Self Skin Check.
Phones & Mirrors!
Phones & Mirrors!
The smartphone is a great way to enhance your surveillance. Apps make tracking skin lesions easy. Smartphones with attached dermoscopy is now available for the consumer. All this makes it doubly-important that you seek advice.
It should be emphasised that the apps are not designed to diagnose skin cancer. Both the manufacturers of these apps and independent cancer experts such Terry Slevin, director of education and research at the Cancer Council of Western Australia, emphasise that they do not replace a visit to a doctor for a skin check.
What the apps and/or smartphone adapters can do is to flag up a lesion for further review by an expert.
The apps will typically allow you to do the following on your smartphone:
Adapters allow you to:
There are currently two main contenders for the combined smartphone dermoscopy with an app: Molesope and Dermlite HUD.
Checklists, Algorithms, & gut-feeling
Honestly, the best advice is to go by your gut feeling. Get a new or changing lesion checked out by an expert.
The ABCDE or SCAN rules are the best known methods to help you spot a melanoma. These rules have quite significant shortcomings because they do not involve dermoscopy. Medical Students are taught the ABCDE rule.
The ABCDE rule was developed to screen for melanoma. In fact, the rule is only useful in considering the most common type of melanoma called superficial spreading melanoma. The ABCDE algorithm is likely to miss:
Frankly it is foolish to consider ABCDE as anything other than a very basic way of spotting melanoma.
There are huge publicity campaigns in Australia to highlight the importance of nodular melanoma. Nodular melanoma accounts for 15% of melanoma but 40% of melanoma mortality.
This type of melanoma is rapidly growing and biologically aggressive. The ABCDE misses nodular melanoma, leading to the EFG rule:
A new lesion that hasn’t healed within 6 weeks is an important sign that you need to get it checked out.
It’s a good place to start but don’t rely on it.
The deeper a skin cancer, the longer it has been growing, the more difficult it is to treat and the greater likelihood it has spread. By giving all parts of your body a regular check you may be able to detect the early signs of skin cancer and increase the likelihood of successful treatment.
But there are also more subtle benefits to regular self-screening for skin cancer. By devoting the necessary time to the process you stay aware of the dangers of skin cancer. As a result, you will be more likely to apply and re-apply sunscreens as appropriate, avoid the use of tanning beds, and take other steps to protect your skin from solar exposure. You benefit from preventing skin cancer before it can get started.
In terms of evidence, there is some evidence for the benefit of a skin cancer self-check & it is recommended in Australian guidelines.
There’s a degree of common sense involved in looking at the evidence for a self-examination of the skin. It would seem self-evident that regular self examinations will pick up melanoma earlier than people who do not self examine their skin.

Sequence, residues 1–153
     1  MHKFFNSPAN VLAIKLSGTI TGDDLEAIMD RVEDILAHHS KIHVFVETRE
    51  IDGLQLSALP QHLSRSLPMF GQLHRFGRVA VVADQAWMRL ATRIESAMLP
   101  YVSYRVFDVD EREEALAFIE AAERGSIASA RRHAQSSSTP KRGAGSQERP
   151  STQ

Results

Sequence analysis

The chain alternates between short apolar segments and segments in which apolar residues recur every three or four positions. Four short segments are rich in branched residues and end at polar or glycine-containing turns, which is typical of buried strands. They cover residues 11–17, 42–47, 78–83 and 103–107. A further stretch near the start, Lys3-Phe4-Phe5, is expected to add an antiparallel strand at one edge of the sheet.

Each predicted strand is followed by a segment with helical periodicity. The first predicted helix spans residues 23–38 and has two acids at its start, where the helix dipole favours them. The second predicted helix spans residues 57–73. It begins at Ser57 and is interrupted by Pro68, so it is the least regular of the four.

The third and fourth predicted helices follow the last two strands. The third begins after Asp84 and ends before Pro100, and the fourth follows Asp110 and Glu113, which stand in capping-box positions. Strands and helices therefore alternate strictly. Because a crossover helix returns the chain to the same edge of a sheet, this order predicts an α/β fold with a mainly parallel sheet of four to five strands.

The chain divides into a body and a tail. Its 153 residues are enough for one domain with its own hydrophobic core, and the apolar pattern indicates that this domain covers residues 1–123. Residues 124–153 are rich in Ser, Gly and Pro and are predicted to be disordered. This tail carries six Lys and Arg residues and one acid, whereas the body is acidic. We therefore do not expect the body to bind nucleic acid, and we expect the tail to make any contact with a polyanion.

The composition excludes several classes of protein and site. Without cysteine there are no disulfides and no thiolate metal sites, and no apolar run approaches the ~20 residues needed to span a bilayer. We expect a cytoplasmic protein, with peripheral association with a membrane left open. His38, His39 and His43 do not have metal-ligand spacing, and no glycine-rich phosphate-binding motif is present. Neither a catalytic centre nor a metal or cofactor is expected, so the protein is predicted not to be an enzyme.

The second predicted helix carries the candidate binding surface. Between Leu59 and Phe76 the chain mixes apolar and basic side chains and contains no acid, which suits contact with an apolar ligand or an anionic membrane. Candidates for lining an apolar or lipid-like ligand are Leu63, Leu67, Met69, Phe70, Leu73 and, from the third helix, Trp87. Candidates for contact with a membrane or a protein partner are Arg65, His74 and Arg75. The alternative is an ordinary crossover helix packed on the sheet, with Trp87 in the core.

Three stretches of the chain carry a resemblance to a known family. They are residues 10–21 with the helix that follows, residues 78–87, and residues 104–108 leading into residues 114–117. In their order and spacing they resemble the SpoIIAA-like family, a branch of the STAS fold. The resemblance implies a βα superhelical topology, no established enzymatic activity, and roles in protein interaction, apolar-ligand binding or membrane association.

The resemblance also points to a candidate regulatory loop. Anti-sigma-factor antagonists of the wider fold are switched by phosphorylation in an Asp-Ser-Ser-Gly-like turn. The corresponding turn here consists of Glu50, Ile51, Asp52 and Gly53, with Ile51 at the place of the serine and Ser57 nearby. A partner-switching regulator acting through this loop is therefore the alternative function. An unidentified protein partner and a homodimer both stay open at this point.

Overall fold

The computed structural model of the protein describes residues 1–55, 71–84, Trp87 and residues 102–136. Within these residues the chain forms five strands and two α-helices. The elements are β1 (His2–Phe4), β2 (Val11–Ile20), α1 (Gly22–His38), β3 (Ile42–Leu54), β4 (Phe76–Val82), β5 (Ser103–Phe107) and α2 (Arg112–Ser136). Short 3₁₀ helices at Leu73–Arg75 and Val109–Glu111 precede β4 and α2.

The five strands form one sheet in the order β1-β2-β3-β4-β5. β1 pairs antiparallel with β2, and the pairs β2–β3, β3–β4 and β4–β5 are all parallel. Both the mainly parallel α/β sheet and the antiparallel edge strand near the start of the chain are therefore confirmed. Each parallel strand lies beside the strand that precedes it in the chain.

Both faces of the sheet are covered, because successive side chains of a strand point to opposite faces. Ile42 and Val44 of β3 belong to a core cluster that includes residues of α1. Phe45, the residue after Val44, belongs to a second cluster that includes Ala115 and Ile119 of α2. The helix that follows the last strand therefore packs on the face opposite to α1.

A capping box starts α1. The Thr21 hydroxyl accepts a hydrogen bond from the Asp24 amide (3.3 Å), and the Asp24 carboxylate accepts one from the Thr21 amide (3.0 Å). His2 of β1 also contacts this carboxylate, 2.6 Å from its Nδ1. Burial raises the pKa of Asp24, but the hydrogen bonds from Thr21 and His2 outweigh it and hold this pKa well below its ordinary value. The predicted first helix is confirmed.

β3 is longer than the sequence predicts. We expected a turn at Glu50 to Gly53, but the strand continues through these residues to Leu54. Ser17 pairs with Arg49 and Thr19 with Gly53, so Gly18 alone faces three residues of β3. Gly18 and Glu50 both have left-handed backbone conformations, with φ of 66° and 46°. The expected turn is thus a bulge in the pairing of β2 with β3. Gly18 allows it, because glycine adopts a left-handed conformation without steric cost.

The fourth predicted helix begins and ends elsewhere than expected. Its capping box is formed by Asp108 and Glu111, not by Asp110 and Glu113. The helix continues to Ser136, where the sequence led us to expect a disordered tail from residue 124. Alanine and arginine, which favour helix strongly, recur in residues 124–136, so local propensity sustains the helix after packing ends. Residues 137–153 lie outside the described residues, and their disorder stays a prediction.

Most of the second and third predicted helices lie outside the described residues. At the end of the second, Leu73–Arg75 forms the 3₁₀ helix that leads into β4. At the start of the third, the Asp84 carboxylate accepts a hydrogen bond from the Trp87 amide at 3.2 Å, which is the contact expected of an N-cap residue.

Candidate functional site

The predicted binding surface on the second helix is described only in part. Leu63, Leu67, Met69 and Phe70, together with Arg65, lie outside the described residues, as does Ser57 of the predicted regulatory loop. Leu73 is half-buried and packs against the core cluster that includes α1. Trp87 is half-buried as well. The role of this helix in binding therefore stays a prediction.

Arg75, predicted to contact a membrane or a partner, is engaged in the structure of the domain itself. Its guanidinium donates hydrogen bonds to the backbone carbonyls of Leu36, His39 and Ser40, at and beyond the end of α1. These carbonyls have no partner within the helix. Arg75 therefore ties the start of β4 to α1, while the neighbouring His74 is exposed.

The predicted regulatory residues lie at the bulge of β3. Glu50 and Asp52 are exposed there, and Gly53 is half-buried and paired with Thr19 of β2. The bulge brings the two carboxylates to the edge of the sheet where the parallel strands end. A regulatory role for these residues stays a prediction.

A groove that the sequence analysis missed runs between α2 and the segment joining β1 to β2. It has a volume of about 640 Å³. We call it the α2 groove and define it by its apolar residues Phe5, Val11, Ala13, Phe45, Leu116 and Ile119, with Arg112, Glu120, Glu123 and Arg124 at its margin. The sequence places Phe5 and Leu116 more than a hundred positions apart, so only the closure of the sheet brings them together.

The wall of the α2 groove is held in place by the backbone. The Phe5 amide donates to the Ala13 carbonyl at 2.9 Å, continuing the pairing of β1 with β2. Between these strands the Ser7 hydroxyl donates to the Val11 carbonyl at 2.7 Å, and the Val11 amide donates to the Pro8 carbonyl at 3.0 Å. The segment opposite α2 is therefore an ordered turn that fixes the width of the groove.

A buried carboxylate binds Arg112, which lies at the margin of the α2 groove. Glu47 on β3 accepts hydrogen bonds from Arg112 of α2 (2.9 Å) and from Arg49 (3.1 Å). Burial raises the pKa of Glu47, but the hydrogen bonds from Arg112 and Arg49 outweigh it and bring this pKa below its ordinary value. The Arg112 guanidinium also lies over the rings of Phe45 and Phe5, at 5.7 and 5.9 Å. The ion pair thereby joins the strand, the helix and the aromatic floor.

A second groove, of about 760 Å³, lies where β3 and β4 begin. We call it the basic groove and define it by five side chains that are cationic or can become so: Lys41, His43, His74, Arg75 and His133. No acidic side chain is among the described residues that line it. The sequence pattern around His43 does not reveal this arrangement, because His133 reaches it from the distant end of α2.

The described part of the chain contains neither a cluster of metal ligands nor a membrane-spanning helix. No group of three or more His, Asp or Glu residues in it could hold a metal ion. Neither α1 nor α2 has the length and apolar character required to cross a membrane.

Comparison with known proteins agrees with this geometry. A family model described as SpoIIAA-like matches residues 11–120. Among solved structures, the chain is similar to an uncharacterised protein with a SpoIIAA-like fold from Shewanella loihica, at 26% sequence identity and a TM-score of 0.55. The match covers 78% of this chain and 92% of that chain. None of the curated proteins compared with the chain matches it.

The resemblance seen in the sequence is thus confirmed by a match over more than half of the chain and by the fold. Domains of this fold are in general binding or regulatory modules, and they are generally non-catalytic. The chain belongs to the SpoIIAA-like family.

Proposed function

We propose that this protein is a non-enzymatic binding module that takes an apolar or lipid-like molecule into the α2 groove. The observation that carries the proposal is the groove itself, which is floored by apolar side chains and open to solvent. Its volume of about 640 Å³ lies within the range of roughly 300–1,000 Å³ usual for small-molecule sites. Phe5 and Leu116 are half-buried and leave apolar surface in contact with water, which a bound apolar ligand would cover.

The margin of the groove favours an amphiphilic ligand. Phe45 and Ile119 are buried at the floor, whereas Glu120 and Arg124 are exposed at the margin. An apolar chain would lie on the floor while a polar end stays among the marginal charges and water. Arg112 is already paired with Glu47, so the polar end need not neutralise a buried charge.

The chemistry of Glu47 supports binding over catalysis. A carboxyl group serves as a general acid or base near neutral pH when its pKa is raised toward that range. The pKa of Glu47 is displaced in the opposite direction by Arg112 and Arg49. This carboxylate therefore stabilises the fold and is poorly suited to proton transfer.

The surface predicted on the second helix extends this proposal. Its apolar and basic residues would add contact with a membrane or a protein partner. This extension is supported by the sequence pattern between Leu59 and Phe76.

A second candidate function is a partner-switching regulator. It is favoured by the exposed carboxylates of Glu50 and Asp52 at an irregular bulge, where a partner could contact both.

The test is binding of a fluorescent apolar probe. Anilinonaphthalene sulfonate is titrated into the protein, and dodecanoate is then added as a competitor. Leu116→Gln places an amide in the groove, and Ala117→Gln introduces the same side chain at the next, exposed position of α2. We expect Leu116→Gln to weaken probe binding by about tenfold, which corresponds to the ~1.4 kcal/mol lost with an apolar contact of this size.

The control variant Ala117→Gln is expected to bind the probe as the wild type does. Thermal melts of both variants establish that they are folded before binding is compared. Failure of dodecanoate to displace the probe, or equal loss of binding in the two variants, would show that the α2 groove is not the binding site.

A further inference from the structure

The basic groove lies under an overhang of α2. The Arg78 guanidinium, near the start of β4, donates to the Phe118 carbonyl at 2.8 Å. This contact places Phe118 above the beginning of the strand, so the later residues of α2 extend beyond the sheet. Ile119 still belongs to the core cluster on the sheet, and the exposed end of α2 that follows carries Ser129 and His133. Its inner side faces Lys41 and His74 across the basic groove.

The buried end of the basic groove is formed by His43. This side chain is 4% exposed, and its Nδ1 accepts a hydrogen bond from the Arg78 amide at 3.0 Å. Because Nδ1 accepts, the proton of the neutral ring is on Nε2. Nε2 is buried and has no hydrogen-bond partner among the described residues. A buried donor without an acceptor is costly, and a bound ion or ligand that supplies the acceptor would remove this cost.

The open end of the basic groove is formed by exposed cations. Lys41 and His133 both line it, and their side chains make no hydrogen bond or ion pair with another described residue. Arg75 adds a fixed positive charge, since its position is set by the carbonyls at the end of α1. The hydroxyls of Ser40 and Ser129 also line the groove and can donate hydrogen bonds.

But let’s look at the evidence of benefit. An Italian study looked at 1240 people with newly diagnosed melanoma. All were taught to self-examine their skin after the diagnosis. Over the follow up period, 47 had a recurrent melanoma. So here are the stats: The average thickness of the original melanoma was 1.31mm (that’s a significant melanoma), but the average thickness of the 2nd melanoma was 0.66mm – that’s an impressive reduction.
Most skin cancers are not pigmented (dark) and it requires dermoscopy to diagnose an early BCC or SCC.
Early melanoma signs are subtle and require expert skin examination. Furthermore, uncommon types of melanoma such as amelanotic and desmoplastic types do not adhere to the usual ABCDE signs of melanoma and would probably be missed in a self-exam. Melanoma detected at a routine skin check is thinner compared with those detected by other means. Finally, most skin cancers are not melanoma and SCC in particular kills more people than melanoma.
Let’s not forget non-melanoma skin cancer. In 2013 in Australia, there were 592 deaths from non-melanoma skin cancers (Cancer Council Australia). The signs of non-melanoma skin cancer are not straightforward though people who have a tendency to recurrent BCCs are often able to pick out another BCC. However, SCC is the more dangerous type of skin cancer & tends to grow rapidly – probably the first symptom will be an uncomfortable lump that has just appeared.
One of the risks of relying exclusively on self-checks for skin cancer screening is that you can’t identify it if you can’t see it. Our bodies have many bits that are difficult to see without a mirror. This includes not only your back, but the back of your neck, the top of your head, behind your ears, etc. Cancers that arise in these areas may go undetected because you can’t easily see them when you inspect yourself.
Be mindful of the risk that self-checks can encourage people to take a wait-and-see approach that gives the cancer more time to spread.
Now let’s look at the evidence. A focused review of routine self skin-examination (SSE) in the diagnosis of melanoma was published in the international journal of dermatology in 2010. Of the studies examined between 1987 and 2007, the sensitivity of SEE for detecting melanoma ranged from 25% to 93%, whilst the specificity was 83% to 97%. This can be translated as follows: Take 100 people who have a melanoma but are unaware. The Self-check will pick up between 25% and 93% of these – let’s say around 50% to 60%.
So yes do your own skin checks on a regular basis, but this should not replace a regular skin examination.